Children are in ‘extreme crisis’: top judge berates DfE’s six-year failure to tackle ‘gross’ lack of secure units

    Family court president welcomes apparent government shift in recognising responsibility to address situation in which 60-70 children are waiting each day for a secure placement

    Image of Sir Andrew McFarlane, president of the family division of the High Court
    Sir Andrew McFarlane, president of the family division of the High Court

    A leading judge has excoriated the government and Parliament for a six-year failure to address judicial warnings about a chronic shortage of secure care for children “in extreme crisis”.

    However, Sir Andrew McFarlane has detected signs of hope in an apparent shift in Department for Education (DfE) thinking to accept its responsibility for filling a gap that has seen 60-70 children waiting for a secure bed each day.

    Last week, the president of the family division of the High Court issued the latest in a string of judgments, dating back to 2017, in which judges have severely criticised the lack of places for children on secure accommodation orders.

    Under section 25 of the Children Act 1989, such secure welfare placements may only be made if a child either has a history of absconding, would likely abscond from any other setting and, if they did so, would likely suffer significant harm; or would likely injure themselves or others if placed in any other setting.

    The number of welfare placements in England and Wales’s 14 secure homes has declined from 105 in 2016 to 82 in 2022, during which time the overall occupancy rate – including criminal justice and remand placements – has fallen from 83% to 66%. However, research has found that the occupancy rate was a poor guide to capacity because children’s needs have grown more complex, meaning some require staffing resources equivalent to multiple beds.

    Councils reliant on ‘inappropriate’ unregistered placements

    In many cases, the shortage has forced judges to issue deprivation of liberty (“DOLS”) orders, using the inherent jurisdiction of the High Court to prevent significant harm where no other legal option exists. These typically involve placement in unregistered settings, which Sir Andrew said were often, “at very significant additional cost”, “not appropriate to meet the young person’s needs” and simply chosen because there were no other options.

    He said this was the case in relation to the subject of the judgment, X, a 15-year-old girl who had suffered significant trauma and adversity during her childhood, and was assessed as having low IQ and diagnosed with high-functioning autism and attention deficit hyperactivity disorder (ADHD).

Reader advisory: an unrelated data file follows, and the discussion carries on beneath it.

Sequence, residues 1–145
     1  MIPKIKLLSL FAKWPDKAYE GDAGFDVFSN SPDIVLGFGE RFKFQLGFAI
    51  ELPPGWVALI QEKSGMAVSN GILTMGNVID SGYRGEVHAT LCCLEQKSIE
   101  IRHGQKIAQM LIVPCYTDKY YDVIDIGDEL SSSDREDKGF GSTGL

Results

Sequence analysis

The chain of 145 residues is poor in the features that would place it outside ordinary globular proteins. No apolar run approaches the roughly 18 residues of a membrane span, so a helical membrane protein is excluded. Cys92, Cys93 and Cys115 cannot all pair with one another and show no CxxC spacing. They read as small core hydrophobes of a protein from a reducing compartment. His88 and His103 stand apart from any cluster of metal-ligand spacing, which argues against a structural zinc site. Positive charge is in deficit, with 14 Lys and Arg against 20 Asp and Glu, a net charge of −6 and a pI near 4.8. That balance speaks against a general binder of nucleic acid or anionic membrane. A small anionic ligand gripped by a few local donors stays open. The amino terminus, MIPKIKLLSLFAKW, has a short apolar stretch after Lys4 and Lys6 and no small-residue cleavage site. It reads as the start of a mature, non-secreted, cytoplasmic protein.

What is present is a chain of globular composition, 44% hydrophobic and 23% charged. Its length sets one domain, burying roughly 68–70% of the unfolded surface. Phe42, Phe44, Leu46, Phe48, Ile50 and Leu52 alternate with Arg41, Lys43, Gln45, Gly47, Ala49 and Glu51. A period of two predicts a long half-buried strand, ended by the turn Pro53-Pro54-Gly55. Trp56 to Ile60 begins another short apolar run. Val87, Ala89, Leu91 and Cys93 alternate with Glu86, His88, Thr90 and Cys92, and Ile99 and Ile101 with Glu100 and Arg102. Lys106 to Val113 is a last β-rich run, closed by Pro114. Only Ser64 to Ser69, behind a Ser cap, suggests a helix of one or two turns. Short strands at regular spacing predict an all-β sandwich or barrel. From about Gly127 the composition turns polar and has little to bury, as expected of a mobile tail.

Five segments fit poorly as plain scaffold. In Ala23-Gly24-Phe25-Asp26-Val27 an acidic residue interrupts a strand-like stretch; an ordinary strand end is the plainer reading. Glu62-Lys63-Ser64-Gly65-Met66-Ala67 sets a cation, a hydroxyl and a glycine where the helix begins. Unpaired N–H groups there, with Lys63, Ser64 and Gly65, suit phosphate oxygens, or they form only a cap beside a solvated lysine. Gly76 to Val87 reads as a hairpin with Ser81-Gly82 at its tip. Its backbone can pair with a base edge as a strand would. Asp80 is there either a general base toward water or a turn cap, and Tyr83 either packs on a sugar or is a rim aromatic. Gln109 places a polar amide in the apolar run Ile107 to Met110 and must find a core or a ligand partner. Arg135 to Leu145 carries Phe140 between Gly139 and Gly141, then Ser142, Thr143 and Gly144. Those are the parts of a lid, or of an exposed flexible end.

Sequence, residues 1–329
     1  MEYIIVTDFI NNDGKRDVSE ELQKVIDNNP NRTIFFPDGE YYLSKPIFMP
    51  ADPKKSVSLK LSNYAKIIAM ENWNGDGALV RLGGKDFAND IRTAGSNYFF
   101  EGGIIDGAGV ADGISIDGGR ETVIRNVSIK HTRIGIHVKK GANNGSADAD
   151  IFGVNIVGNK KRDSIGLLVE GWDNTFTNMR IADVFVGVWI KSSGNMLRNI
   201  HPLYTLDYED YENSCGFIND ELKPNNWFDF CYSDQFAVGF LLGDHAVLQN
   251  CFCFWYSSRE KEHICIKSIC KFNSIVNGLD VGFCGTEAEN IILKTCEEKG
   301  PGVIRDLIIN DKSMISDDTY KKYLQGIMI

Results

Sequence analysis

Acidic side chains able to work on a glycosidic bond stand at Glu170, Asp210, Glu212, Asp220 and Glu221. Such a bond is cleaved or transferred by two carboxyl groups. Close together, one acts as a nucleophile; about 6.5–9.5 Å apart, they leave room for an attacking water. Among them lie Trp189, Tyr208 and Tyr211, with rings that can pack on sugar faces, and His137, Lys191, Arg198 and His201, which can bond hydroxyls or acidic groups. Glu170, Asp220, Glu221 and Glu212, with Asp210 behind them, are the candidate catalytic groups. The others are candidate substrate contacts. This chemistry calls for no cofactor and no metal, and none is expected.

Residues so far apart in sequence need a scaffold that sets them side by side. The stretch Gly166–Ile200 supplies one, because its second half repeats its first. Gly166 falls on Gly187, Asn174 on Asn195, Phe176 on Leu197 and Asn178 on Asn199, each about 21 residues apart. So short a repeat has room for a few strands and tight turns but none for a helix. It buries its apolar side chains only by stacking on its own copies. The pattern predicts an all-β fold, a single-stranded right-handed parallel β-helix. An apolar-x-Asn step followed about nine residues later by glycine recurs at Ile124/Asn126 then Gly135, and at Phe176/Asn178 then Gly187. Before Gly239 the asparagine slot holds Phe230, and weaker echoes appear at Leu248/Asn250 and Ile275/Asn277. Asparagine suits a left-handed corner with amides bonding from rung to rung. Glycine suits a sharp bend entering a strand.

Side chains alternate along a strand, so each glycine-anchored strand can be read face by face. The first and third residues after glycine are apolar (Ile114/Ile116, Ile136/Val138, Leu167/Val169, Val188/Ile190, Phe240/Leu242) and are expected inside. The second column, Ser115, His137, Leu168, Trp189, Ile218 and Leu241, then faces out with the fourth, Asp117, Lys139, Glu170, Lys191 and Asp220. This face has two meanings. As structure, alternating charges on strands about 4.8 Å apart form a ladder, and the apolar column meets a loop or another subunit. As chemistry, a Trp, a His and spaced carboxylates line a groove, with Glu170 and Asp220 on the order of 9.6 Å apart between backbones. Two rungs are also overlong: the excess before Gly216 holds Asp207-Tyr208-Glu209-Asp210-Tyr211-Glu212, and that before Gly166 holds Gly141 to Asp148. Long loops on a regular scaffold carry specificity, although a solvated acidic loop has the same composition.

Case chronology

    • November 2020: X was taken into the care of an unnamed English local authority, under section 20 of the Children Act, after several incidents of absconding from home and assaulting family members.
    • March 2021: She was detained by police under section 136 of the Mental Health Act 1983 (MHA) after attempting to jump off a roof at school, and, while on the ward, repeatedly self-harmed, tried to abscond and threatened staff.
    • April 2021: She was placed under a secure accommodation order, in a secure unit in Scotland, under a one-to-one staffing ratio and with overnight checks every five minutes in case of self-harm. English councils are increasingly placing children in secure care in Scotland due to the shortage of places south of the border.
    • April 2022: X was placed on a full care order by the local authority after the secure order came to an end, on the grounds that its criteria were no longer met. She was placed in a residential placement but this broke down within a month because of repeated incidents of self-harm and harm to others.
    • May 2022: After being detained for assessment under the MHA, where it was deemed she did not have a mental disorder requiring hospital treatment, she was discharged to a series of unregistered community placements under High Court DOLS orders. The terms of the first order prescribed an up to 4:1 staffing ratio, checks at night every 20 minutes and a mobile phone and internet ban and allowed for reasonable and proportionate restraint by staff.
    • May-October 2022: X absconded four times from the community placements, during which time she had sexual contact with older men, self-harmed and threatened staff.
    • October 2022: She moved to another community placement under a DOLS order, where staff reported several more incidents of self-harm and threats to staff, and she was detained again under the MHA after absconding.
    • November 2022: The case returned to the High Court and X was placed on a secure accommodation order. Shortly afterwards, her social worker reported that there were 72 live referrals for secure placements in England and Wales, with just two beds available, both of which were reserved for boys.
    • December 2022: Following two High Court hearings, presided over by Sir Andrew McFarlane, to help identify a placement, X was placed in a secure unit in Scotland again.

    Children ‘in extreme crisis’

    Sir Andrew said that, for judges in the family court, the “extreme behaviour” demonstrated by X was not unusual, adding: “There is a
    cohort of young people who are in extreme crisis to the same degree as X.”

    While he said there were 60 to 70 children on a secure accommodation order who were waiting for a bed, this was likely to underestimate the scale of the problem as many councils will have applied to the High Court for a DOLS order.

    Sir Andrew set up a specific DOLS court last year to manage these applications, with the Nuffield Family Justice Observatory contracted to monitor data on them. From July to November, 552 children were subject to DOLS applications, and the president said there may be over 1,000 applications during the whole year, about ten times the number in 2017-18.

    In response to a direction to attend the first hearing before Sir Andrew in X’s case, in November 2022, the DfE had initially asked to be excused on grounds of cost. It sent a letter to the court stating that councils, not the department, were responsible for care placements and had a duty to ensure sufficient accommodation for looked-after children, and that it was supporting them by committing £259m to increase open and secure children’s home capacity from 2022-25.